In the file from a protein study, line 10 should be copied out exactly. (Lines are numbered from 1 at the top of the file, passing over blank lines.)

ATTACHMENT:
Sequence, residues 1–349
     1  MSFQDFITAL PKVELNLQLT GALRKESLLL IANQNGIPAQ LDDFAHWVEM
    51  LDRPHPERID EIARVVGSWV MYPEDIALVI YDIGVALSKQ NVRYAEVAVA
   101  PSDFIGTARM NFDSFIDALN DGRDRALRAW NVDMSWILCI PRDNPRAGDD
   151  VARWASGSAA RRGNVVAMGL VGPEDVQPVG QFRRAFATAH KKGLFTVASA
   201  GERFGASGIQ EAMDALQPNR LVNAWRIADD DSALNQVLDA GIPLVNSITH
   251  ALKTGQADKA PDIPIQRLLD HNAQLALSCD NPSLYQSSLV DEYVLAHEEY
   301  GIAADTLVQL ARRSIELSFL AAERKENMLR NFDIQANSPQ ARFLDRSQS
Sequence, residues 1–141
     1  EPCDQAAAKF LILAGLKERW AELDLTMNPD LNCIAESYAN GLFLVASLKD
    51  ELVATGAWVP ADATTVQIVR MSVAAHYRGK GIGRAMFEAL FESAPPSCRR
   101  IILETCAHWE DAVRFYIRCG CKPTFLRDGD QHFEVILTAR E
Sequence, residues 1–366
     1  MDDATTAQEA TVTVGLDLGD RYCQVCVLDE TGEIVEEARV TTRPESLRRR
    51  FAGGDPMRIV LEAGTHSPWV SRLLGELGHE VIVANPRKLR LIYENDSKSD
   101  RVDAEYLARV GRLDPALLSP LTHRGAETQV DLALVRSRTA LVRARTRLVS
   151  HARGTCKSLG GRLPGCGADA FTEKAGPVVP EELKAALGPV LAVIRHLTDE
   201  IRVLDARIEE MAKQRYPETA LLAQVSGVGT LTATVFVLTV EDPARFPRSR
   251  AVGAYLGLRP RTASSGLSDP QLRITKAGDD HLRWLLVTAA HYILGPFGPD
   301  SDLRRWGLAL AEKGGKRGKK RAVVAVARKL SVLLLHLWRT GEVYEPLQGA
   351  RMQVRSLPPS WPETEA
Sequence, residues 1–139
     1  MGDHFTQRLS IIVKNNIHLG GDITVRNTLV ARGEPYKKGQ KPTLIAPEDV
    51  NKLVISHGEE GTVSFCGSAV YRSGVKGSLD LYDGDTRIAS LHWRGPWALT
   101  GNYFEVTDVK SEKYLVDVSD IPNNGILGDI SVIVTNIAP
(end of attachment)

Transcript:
     1  EPCDQAAAKF LILAGLKERW AELDLTMNPD LNCIAESYAN GLFLVASLKD